Delaware Valley Connections to Lee’s Surrender at Appomattox

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Delaware Valley Connections to Lee’s Surrender at Appomattox

2014-05-08 14:22

The famous surrender during the American Civil War of the Army of Northern Virginia as commanded by General Robert E. Lee, at Appomattox Courthouse, Virginia on April 9th, 1865, to the forces of General Ulysses S. Grant, Army of the Potomac, are well-known and have been highly publicized for many years. Yet most are unaware of Pennsylvania’s connection to the event.

Pennsylvania and the Delaware Valley were certainly represented at the surrender of the Confederate forces, by infantry regiments such as the 61st, 62nd, 88th, 121st, 140th and the 205th. A member of Battery B of the First New Jersey Artillery, recalled in his reminiscence how after the surrender, “…The Confederates, no longer our enemies, came to our lines for coffee and hardtack, which we gave freely.” Another soldier of the 140th Pennsylvania wrote home to his mother on the ninth of April: “Lee has surrendered with his whole army…Thank God we have been permitted to see this glorious day…The men of Lee’s army have torn down their works, stacked their arms and are now encamped quietly alongside of us as though they formed part of our army.”

Interestingly, on the day of the surrender itself and shortly thereafter, a number of excellent illustrations of the events began to appear. For example, Prussian-born  Lt. Col. Otto Boetticher – of the 68th New York Infantry – completed a watercolor of Lee and Grant on horseback the day after the surrender.  It was soon lithographed by Currier & Ives artist Louis Maurer and published in 1868.


Grant and Lee meeting near the Appomattox Courthouse, Virginia, Lithograph (1868), Louis Maurer


The Rev. S. L. Gracey, Chaplain of the Sixth Pennsylvania Cavalry (also known as the Philadelphia Light Cavalry), included details of Lee’s surrender in his publication, Annals of the Sixth Pennsylvania. Edgar H. Klemroth, recruited from Philadelphia and serving in Company A, left a detailed drawing made at Appomattox Courthouse on the day of the surrender. It was later published as a lithograph in 1872.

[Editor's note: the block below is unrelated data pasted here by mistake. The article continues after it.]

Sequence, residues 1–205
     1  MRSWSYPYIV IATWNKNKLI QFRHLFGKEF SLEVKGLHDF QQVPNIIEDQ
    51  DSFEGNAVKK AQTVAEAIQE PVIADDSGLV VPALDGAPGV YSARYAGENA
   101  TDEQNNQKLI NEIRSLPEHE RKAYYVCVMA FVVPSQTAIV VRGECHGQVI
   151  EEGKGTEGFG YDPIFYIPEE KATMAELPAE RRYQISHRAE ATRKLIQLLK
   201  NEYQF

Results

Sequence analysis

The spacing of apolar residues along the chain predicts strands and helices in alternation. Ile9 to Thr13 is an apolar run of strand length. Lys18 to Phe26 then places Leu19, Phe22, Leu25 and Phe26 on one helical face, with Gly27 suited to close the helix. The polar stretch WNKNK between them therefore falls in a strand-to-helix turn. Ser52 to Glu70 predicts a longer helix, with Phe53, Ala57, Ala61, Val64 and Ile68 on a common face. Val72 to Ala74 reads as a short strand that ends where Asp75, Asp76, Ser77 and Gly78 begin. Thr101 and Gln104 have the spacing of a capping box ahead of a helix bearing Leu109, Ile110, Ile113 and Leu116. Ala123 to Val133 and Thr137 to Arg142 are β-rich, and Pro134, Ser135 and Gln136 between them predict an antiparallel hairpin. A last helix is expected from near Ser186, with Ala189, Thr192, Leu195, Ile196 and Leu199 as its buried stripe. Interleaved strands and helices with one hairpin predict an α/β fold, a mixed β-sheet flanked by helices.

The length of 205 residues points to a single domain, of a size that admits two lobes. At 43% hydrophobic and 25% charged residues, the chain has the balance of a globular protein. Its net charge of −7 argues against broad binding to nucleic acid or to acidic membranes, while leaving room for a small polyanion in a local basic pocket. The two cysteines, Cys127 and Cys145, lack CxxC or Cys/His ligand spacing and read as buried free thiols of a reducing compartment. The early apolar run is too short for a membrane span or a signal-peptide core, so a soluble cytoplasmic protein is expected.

General Grant at Appomattox, lithograph (1865), Edward Klemroth

General Grant at Appomattox, lithograph (1865), Edward Klemroth

Edgar H. Klemroth, born in New York to Prussian immigrants, was living in Philadelphia  and working as a “bookbinder” at the outbreak of the Civil War. After serving in the Cavalry from August 1861 until mustered out at Louisville, Kentucky in August 1865, he worked as a ‘draughtsman’ or draftsman. However, during the decades of the 1870’s and 1880’s,’ Klemroth is listed within the Philadelphia City Directories specifically as an “Architect.” During that time in 1884, he also received a ‘patent’ for the invention of a “nut-lock” as an attachment to a ‘bolt,’ “so that it cannot, unaided, become loosened or come off."

Klemroth was thus a versatile and talented individual.  Not only had he made a number of illustrations during the Civil War itself, but worked for the Federal Government “in the Office of  {the} Supervising Architect-Treasury Department,” from March to May of 1891 as a “draftsman,” residing as well in Washington, D.C., or the District of Columbia. Later he continued to work as an architect, responsible for the construction of the Federal Building and Post Office in West Chester, Pennsylvania (ca. 1905). He passed away on May 5, 1934, and buried in Arlington National Cemetery. 

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Submitted by Andy Waskie (not verified) on

I very much appreciate the superb scholarship and research by my colleague, Dr. Dan Rolfe of HSP. But, he has neglected to mention the most important resident of Philadelphia and thus the Delaware Valley who figured very prominently in the Surrender of General Lee and his Army of Northern Virginia. In fact, HE was the commander of the Army of the Potomac (mentioned in the article), and most historians agree had more to do with bringing Lee to surrender than any other. That man is Major General George G. Meade, Commander of the Army of the Potomac and Victor of the Battle of Gettysburg.
By the way, Meade wrote extensively in his letters home and in 'After Action Reports' describing the Appomattox Campaign.

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